Statistics, perception

[From Rick Marken (921020.0930)]

Bill Powers (921013.0930) --

It strikes me that one problem with "residuals" and all that is simply
that the wrong model is used (as you say). Is there anything to
prevent you from doing statistical manipulations using a closed-loop
model instead of an open-loop one? In fact, isn't that pretty much
what we do, although informally? We're trying to fit a linear model to
the data to obtain the minimum least-squares error of prediction,
aren't we? The only difference is that our linear model embodies a
closed loop.

Yes. As I said to Martin, I think it would be great if he could show
HOW he would go from observation of the data to modification of the
model. My impression (which Martin has yet to dispel) is that Martin
was suggesting that you COULD improve the control model by analyzing
the data in terms of an open loop model (and Martin's statistical
model IS an open loop model). If Martin had something else in mind,
then I wish he would clear it up for me. As I said, I think it would
be an enormous (and, I think feasible) contribution to PCT if he
could develop an analytic technique for going from discrepencies between
model and actual behavior to revision of the parameters of the closed
loop model to improve the fit.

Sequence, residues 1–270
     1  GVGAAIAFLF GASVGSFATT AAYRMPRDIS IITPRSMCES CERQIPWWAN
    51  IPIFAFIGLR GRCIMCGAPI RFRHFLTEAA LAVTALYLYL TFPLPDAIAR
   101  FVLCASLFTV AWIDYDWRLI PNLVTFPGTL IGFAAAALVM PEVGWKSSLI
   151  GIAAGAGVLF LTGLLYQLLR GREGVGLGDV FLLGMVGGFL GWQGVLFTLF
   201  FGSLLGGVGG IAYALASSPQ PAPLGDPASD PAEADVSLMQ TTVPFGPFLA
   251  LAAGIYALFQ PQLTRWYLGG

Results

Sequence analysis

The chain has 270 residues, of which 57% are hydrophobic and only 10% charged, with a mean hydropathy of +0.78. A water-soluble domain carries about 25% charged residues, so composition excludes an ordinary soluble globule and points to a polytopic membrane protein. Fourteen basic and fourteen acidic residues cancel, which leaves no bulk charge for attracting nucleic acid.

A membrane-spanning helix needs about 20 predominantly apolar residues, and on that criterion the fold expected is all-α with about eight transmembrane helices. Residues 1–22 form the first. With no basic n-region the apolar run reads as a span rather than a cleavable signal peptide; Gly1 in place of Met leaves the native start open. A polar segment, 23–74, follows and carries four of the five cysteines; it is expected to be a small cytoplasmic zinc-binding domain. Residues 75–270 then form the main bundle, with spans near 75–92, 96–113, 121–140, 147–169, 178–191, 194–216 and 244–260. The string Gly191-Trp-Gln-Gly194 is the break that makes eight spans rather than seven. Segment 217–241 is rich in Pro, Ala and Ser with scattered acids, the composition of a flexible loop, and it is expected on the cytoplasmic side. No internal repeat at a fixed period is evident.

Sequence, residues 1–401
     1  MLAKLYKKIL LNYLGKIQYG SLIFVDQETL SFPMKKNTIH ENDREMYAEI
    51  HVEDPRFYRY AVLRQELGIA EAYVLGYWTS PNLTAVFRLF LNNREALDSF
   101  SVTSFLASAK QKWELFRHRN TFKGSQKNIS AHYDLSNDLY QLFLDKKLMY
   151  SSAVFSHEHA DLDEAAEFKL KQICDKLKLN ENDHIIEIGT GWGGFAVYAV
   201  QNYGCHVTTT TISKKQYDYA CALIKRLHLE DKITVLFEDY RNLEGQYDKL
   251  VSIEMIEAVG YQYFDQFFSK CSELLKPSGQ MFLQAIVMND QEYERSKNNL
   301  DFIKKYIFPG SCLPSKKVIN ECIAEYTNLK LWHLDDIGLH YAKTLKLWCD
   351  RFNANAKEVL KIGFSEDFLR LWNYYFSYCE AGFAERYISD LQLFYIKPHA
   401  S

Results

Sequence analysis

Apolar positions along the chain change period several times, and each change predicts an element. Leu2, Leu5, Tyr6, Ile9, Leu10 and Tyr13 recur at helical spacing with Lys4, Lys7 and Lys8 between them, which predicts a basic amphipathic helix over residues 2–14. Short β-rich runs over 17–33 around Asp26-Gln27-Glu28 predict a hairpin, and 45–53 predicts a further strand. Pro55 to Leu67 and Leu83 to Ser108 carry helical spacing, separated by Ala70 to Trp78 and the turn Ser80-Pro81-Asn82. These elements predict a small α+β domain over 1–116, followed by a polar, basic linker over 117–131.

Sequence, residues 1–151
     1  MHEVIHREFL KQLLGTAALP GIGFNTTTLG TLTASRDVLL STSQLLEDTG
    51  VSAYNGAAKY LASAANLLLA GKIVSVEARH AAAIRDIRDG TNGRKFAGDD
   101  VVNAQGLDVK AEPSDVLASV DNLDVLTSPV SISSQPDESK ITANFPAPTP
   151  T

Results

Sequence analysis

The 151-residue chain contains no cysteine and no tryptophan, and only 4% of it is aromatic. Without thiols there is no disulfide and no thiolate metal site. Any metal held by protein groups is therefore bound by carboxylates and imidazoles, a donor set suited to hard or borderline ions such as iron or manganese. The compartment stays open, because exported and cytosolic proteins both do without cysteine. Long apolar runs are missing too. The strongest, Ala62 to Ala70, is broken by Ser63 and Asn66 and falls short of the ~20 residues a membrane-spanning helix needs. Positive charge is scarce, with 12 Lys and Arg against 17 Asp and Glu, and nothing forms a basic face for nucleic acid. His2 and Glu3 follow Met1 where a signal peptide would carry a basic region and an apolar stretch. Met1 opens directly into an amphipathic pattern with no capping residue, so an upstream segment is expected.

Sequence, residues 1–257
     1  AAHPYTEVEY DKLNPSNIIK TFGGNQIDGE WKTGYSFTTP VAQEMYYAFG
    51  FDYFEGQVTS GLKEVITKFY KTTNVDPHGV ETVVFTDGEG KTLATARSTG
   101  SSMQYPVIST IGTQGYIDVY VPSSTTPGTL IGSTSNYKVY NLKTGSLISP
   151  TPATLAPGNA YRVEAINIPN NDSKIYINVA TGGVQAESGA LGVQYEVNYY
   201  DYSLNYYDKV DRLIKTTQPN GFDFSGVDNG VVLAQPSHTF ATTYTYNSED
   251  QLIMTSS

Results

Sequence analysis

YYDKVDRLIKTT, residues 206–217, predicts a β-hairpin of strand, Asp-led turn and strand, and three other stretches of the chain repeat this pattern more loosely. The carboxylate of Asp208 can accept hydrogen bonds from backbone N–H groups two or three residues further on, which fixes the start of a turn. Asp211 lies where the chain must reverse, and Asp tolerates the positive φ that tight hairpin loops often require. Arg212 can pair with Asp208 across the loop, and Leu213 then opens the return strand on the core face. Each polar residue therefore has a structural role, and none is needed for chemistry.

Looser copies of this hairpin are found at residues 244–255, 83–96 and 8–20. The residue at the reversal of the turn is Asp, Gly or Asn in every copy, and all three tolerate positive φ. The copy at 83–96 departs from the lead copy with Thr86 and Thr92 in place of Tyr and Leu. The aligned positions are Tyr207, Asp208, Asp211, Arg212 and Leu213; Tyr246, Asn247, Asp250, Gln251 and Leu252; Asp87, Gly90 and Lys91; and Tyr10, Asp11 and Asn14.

Wayne Hershberger (921010) --

Perception is NOT simply a process of
transporting a representation of some putative conceptual reality
comprising one end of the dipole (the environmental pole) into the
other end (the organism pole). Such a conceptualization
(representationalism) begs the fundamental question of perception,
which is the realization of the perceptual world in the first

What is your model of perception, Wayne?

Here is my model:

EV --->S--->PF--->PS

where EV is an evironmental variable, S is a sensor, PF is a perceptual
function and PS is a perceptual signal. The EV is known only in terms of
our models of physics. But whatever EVs REALLY are, they impinge on S (based
on our models of physiology) which transforms the EV into neural signals
(the physiological model again) that enter a neural netork that acts as
a computation device (PF) that converts the input neural signals into
an output neural signal, the perceptual signal (PS) -- all this is based
on the physiological model. I imagine that it is PS that IS the experienced
perception (this is the PCT mind model). In your example of "diagonal
movement", PS IS the perception of diagonal movement -- constructed
from the sensory inputs that are ultimately caused by the horizontal
and vertical EV movements. What else is needed here -- other than
the delineation of how PS results from EV -- ie. other than the model
of PF and S? What is your model of perception? How does it work?

Gary Cziko --

Thanks for sending the note to Ari. It was very clear and helpful
as usual.

By the way, I have not heard a peep from Psycholoquy about my Blindmen
paper. Better start thinking about the next place to send it.

Best regards




Richard S. Marken USMail: 10459 Holman Ave
The Aerospace Corporation Los Angeles, CA 90024
(310) 336-6214 (day)
(310) 474-0313 (evening)